Dan Hoisington, the owner of Edinborough Publishing, told me tonight that my biography of Ulric Dahlgren goes to the printer tomorrow. That marks the culmination of six long years of work on that project, and it’s the culmination of a labor of love. I can’t wait to see the book in print.

It’s due out by the end of June. I will keep everyone posted as to progress, and it will shortly be available for pre-order on my other web site.

Scridb filter

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Yesterday, someone asked a question on one of the forum boards I frequent about the morale and condition of the Army of Northern Virginia’s Cavalry in 1864, particularly considering that it lost its commander, Jeb Stuart, in May. I spent some time cobbling together a responsive essay that I thought I would share with you here.

Here’s what I wrote:

The Confederate cavalry was in surprisingly good shape in 1864 for lots of reasons. First, and foremost, the command of the Union cavalry was in shambles as the year began. With Pleasonton relieved, Buford dead and Kilpatrick sent west, three of the four highest ranking officers in the AoP Cavalry Corps were out of the picture. Instead, you have Torbert,

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The following editorial appeared in this week’s edition of U.S. News and World Report:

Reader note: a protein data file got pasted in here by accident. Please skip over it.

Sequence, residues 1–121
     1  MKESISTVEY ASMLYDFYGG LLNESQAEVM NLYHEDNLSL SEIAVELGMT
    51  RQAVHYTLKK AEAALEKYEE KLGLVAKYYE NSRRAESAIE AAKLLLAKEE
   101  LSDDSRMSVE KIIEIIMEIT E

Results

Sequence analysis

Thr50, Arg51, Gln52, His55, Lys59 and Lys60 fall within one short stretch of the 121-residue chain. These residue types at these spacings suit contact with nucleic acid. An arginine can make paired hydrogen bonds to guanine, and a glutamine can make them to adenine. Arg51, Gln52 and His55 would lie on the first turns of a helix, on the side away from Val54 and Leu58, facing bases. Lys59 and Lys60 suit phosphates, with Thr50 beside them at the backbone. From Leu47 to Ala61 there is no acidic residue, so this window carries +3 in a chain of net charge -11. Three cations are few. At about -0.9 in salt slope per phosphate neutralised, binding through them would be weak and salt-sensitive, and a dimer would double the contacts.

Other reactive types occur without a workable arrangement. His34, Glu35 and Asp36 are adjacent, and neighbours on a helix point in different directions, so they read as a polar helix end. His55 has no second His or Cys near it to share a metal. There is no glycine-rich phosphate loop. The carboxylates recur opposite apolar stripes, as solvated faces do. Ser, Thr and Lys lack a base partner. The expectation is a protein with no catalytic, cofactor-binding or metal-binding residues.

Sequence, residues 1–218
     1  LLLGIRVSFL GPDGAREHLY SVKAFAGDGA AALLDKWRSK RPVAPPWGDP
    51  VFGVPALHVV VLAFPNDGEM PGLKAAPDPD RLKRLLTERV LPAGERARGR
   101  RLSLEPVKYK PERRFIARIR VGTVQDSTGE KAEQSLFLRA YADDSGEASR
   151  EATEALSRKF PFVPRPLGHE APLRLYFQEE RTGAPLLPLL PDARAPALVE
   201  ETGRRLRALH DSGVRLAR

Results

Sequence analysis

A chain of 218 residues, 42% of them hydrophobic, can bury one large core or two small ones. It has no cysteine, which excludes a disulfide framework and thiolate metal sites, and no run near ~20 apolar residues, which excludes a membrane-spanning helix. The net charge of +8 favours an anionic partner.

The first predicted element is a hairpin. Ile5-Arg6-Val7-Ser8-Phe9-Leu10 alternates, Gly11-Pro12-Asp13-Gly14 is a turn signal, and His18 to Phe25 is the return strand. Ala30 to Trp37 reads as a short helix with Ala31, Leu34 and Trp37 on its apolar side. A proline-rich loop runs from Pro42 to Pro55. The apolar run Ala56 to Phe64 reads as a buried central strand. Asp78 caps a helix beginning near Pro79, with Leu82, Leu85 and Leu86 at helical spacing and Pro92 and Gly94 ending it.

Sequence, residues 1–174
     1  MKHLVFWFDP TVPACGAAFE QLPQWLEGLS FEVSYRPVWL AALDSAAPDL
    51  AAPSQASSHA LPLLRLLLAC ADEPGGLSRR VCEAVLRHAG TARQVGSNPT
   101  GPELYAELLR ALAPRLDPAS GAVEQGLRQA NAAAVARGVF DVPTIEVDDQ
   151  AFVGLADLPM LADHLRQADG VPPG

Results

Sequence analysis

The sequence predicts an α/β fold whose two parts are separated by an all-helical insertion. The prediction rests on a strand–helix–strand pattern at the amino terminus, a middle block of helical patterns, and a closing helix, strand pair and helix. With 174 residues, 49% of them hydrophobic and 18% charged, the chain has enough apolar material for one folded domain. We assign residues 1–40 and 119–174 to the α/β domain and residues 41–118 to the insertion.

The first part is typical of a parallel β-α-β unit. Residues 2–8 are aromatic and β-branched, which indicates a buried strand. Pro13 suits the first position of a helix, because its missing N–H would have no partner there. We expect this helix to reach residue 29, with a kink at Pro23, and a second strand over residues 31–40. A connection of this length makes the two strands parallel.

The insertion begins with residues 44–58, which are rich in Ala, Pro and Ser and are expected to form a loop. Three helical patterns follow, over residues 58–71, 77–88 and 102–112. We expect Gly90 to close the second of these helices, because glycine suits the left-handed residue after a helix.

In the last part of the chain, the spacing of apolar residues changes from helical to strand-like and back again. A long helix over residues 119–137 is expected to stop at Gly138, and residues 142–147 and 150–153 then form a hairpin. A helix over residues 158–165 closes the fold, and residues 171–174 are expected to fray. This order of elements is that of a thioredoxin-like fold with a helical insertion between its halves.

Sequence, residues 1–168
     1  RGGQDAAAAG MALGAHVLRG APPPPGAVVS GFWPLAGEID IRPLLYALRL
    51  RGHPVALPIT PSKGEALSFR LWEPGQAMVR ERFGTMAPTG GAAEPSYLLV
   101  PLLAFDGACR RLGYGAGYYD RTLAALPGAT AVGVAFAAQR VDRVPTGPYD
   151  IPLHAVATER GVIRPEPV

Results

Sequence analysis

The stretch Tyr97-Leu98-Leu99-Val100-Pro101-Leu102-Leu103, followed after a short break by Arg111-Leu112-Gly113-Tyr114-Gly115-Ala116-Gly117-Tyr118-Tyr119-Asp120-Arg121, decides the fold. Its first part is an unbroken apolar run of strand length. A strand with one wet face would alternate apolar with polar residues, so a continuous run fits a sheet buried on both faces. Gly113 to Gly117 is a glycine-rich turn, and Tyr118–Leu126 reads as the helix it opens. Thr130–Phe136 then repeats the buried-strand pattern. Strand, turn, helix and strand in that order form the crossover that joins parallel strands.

Opinion: Wal-Mart’s Attack on Civil War Battlefield in Northern Virginia
By John Aloysius Farrell

US News & World Report (NAT)

The Wilderness battlefield cannot be moved.

It is a one-of-a-kind place, where tens of thousands of Union and Confederate boys died in the Civil War. You can’t just shift the signs down the road a mile and call another tract of ground the battlefield.

But a Wal-Mart shopping center? How special is that?

Assuming that what America needs is another Wal-Mart, how hard can it be for corporate planners to choose a location that isn’t within the boundaries of a national battle park?


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Craig Swain and Don Caughey have invited me to join their Battle of Kelly’s Ford micro-blogging data compilation project. I’m pleased and honored to be a part of it.

As some of you may know, my 2003 book The Union Cavalry Comes of Age: Hartwood Church to Brandy Station, 1863 contains the most detailed account of the March 17, 1863 Battle of Kelly’s Ford ever published. Consequently, I have accumulated quite a bit of primary source material that will be a perfect addition to the project.

I’m looking forward to participating and I’m looking forward to seeing just how much information we can compile. Please check the site regularly.

Scridb filter

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From yesterday’s edition of The Gettysburg Times:

Electric Map may have found a home

Times Staff Writer
Published: Tuesday, May 12, 2009 7:40 AM EDT

A nonprofit group is working with the National Park Service to keep the historic Electric Map in Gettysburg.

Historic Gettysburg-Adams County is talking to the park about obtaining the map and featuring it in a new museum, possibly along Steinwehr Avenue.

“It’s quite possible that it could be coming out of storage,” HGAC President Curt Musselman said Monday morning.

Musselman was the guest of broadcaster Fred Snyder during the Breakfast Nook program on 1320 WGET.

Musselman’s group has been working to obtain the map for “about a year,” and the